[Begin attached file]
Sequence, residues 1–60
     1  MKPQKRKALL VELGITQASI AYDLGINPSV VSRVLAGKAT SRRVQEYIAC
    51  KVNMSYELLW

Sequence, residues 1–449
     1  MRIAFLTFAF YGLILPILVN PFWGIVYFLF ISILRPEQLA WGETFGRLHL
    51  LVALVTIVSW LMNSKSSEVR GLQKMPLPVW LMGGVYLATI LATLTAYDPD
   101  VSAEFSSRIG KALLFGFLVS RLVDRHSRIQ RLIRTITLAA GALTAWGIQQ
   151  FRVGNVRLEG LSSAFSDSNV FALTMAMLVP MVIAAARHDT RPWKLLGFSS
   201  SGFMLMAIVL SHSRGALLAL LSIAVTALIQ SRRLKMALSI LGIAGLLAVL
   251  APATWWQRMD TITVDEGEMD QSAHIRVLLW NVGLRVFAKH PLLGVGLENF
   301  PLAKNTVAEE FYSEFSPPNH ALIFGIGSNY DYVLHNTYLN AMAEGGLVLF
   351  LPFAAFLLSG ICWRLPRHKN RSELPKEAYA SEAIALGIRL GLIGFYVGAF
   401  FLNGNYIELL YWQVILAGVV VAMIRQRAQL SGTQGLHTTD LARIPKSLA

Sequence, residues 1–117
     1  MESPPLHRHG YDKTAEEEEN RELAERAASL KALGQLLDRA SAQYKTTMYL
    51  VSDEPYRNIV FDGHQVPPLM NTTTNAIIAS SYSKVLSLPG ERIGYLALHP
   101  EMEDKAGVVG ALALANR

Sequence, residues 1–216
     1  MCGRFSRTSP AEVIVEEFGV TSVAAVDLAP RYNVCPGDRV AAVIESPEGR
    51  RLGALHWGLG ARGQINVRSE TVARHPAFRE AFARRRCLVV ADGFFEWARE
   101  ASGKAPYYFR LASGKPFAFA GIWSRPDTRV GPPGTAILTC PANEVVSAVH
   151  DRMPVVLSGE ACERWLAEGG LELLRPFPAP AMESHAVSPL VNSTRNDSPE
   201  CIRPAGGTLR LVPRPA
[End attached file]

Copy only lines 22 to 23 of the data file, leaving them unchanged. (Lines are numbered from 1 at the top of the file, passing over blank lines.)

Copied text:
   151  DRMPVVLSGE ACERWLAEGG LELLRPFPAP AMESHAVSPL VNSTRNDSPE
   201  CIRPAGGTLR LVPRPA